Application and interview help

Useful tips to help you sail through your application and interview.

Application form help

We want to provide you with all the help we can to make the process of applying with us as easy as possible.

We’ve put together a few useful hints and tips below.

Are you right for the job?

Before writing your application form you should look carefully at both the job outline and the employee specification to determine:

  • What qualifications are essential for the role (if any)
  • What specific skills and knowledge are required to do the job
  • What qualifications, skills and knowledge you have which are relevant
  • Do you meet all the essential criteria? Read about the importance of this below.
Meeting the 'essential criteria'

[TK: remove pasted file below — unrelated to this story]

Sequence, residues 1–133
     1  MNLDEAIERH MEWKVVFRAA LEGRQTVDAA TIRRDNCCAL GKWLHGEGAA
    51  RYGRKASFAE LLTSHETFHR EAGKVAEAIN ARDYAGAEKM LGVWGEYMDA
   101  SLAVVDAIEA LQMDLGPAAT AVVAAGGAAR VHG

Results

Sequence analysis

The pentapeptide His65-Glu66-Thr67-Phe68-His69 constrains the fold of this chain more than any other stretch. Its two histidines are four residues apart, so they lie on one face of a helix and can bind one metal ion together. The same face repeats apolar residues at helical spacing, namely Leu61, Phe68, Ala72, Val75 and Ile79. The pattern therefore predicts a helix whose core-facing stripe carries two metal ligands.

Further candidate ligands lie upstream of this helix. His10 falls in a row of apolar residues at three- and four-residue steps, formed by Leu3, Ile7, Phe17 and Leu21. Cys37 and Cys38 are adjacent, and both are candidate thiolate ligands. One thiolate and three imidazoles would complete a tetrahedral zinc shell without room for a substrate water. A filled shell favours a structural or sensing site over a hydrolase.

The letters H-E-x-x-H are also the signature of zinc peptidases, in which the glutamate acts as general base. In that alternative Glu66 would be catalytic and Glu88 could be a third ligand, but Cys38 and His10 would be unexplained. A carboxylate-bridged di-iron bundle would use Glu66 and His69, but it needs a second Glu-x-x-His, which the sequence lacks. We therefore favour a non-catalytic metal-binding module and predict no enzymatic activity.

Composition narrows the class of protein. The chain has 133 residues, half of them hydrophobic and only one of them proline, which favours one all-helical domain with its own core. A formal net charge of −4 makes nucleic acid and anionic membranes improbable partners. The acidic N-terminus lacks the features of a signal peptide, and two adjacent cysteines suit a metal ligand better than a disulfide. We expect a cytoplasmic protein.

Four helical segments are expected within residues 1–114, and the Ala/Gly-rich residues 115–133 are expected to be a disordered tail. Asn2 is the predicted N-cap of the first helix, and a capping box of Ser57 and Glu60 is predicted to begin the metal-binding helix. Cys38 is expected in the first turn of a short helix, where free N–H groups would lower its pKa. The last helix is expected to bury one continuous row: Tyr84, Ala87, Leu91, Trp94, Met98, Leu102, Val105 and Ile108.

Your application form needs to demonstrate how you meet ALL of the ‘essential criteria’ from the ‘employee specification’ section of the job listing.

This essential criteria acts as a checklist that the recruiting manager uses to determine if you can be shortlisted for an interview. You must therefore provide working examples for each essential criteria if you want to be invited for an interview.

For example, imagine one of the essential criteria is ‘Experience of delivering training’. Instead of just writing:

'I have experience in providing training to new team members.'

you could make this better by writing:

'I have actively been involved in training new team members, including the creation of a training guide which is used to assist with practical training. This guide is now regularly referred to by all staff, encouraging and promoting skill and knowledge retention.'

Education and qualifications

Contrary to popular belief, you don’t have to list every educational achievement and qualification you have obtained dating back to the beginning of your education. You should however, list all of your education and qualifications that are relevant to the specific vacancy for which you are applying, ensuring you detail any qualifications requested in the essential criteria.

Employment History